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    This week’s question:
    I have often wondered just what is a contact. I do not have any contractual problems right now, but I am really curious about the legal definition of a contract. Please address this issue in one of your future columns. Thanks.
    /s/Denise D.
    Almaden Valley

    Dear Denise:
    That sounds like a very simple question, Denise, but volumes have been written about that word. In law school, one of the important courses in the first year in this country is Contracts.
    The California Civil Code (herein “C.C.”) Section 1549 defines a contract as “an agreement to do or not to do a certain thing.”
    Almaden Times readers can go to their computers and enter any of the California Civil Code sections in their favorite search engine and that particular section will be up on their monitors in a heartbeat.
    It is essential to the existence of a contract that there should be: 1. Parties capable of contracting; 2. Their consent; 3. A lawful object; and, 4. A sufficient cause or consideration, according to C.C. Section 1550. (This section, by the way, was adopted by the State Legislature in 1872; yes, that’s 1872.)
    You may also wonder about just who is capable of entering into a contract. That question is answered in C.C. Section 1556 that provides “All persons are capable of contracting, except minors, persons of unsound mind, and persons deprived of civil rights”.
    Two people can enter into a contract for the benefit of a third person and the third person may enforce that contract at any time before the contracting parties rescind it, pursuant to C.C. Section 1559.
    According to Witkin, Summary of California Law, Tenth Edition, Contracts, p. 59, the word “contract” is often used with different meanings, e.g., as a synonym for “agreement” or “bargain.” It may refer to legally ineffective agreements, or wholly executed transactions; to acts of parties, to a document that evidences them, or to resulting legal relations; and a statute may give still other meanings.
    You will note in the third paragraph of this response above that “consideration” is essential to the existence of a contract. Consideration is covered in Chapter 5 of the California Civil Code, starting with Section 1605.
    It provides that any benefit conferred, or agreed to be conferred, upon the promisor, by any other person, to which the promisor is not lawfully entitled, or any prejudice suffered, or agreed to be suffered, by such person, other than such as he is at the time of consent lawfully bound to suffer, as an inducement to the promisor, is a good consideration for a promise.
    Of course, the consideration of a contract must be lawful, i.e., not contrary to an express provision of law, not contrary to the policy of express law, though not expressly prohibited, and not otherwise contrary to good morals, according to C.C. 1667.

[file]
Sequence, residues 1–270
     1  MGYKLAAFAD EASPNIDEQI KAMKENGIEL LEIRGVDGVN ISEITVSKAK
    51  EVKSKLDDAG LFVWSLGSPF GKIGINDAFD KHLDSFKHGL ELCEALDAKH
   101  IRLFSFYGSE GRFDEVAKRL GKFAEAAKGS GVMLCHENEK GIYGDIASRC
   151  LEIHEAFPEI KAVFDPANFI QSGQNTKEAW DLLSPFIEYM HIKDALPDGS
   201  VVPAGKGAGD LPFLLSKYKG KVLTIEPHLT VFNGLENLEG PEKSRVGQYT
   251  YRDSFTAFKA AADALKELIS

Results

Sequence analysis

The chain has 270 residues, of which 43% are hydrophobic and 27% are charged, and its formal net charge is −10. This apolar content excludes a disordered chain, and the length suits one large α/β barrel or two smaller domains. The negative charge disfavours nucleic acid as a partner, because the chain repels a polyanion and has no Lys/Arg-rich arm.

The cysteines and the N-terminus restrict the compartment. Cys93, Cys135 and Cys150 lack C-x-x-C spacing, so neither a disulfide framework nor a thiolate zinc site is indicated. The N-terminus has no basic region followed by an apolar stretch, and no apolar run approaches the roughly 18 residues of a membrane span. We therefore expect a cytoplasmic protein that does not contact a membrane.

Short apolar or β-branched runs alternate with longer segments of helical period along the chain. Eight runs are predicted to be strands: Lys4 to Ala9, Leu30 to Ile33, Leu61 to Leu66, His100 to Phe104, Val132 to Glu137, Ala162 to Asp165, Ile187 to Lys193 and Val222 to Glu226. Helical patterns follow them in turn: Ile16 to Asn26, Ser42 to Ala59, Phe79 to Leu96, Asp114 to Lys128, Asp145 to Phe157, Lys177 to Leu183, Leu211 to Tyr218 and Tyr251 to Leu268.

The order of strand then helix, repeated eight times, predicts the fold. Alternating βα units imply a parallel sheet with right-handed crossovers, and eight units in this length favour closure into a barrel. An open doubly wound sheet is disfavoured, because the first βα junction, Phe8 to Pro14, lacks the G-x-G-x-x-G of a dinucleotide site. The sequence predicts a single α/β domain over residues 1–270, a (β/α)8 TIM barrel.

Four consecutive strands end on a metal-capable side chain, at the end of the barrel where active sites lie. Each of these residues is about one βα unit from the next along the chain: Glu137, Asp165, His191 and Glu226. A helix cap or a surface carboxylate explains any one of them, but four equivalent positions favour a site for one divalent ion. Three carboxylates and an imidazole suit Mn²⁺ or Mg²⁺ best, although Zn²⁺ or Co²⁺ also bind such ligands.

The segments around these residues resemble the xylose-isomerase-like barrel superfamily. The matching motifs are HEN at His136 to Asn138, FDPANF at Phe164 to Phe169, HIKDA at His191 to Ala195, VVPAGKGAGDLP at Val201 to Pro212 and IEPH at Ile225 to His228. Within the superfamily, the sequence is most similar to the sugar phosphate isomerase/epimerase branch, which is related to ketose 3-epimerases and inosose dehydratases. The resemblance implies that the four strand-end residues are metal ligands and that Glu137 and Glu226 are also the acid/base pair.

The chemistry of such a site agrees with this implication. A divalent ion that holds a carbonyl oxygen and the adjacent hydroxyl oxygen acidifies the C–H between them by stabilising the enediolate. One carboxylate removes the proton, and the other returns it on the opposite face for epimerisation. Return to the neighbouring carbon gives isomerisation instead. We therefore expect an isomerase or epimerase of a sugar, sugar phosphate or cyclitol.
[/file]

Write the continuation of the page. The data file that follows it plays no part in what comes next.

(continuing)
There are, of course, many different types of contracts. A contract is either express or implied. An express contract is one, the terms of which are stated in words. An implied contract is one, the existence and terms of which are manifested by conduct, according to C.C. Sections 1619 to 1621.
    Pursuant to C.C. Section 1622, all contracts may be oral, except such as are specially required by statute to be in writing.
    If the contract is required by law to be in writing, if it is prevented from being put into writing by the fraud of a party to the contract, any other party who is by such fraud led to believe that it is in writing, and acts upon such belief to his prejudice, may enforce it against the fraudulent party.
    One of the more recent additions to the California Civil Code concerning contracts is Title 2.5, entitled “Electronic Transactions”. It is known as the Uniform Electronic Transactions Act and it was passed into law in 1999.
    Said Act provides new or expanded definitions of such things as “Agreements”, “Automated transactions”, and “Computer programs.” Under Section 1633.2(e), “Electronic” means relating to technology having electrical, digital, magnetic, wireless, optical, electromagnetic, or similar capabilities.
    Under that same law in 1633.2(f), “Electronic agent” means a computer program or an electronic or other automated means used independently to initiate an action or respond to electronic records or performances in whole or in part, without review by an individual.
    So, you can see, Denise, that the definition of a “Contract” is very broad and has many implications and much involvement with other areas of the law, such as family law, property rights and obligations, criminal law, and much, much more. I wish we had more time and space to address those issues.
    Thank you for contacting us with that very good question.
    /s/Donald J. DeVries
    Almaden Valley Times

    You can reach Mr. DeVries with your questions by email at don@almadenvalleylawyers.com, with “Almaden Times” in the subject line, fax at (408)268-6502, telephone at (408)268-9500, or mail at DeVries Law Office at 6475 Camden Avenue, Suite 200, San Jose, CA 95120. Your name will not be used. No attorney-client relationship is created by these articles.

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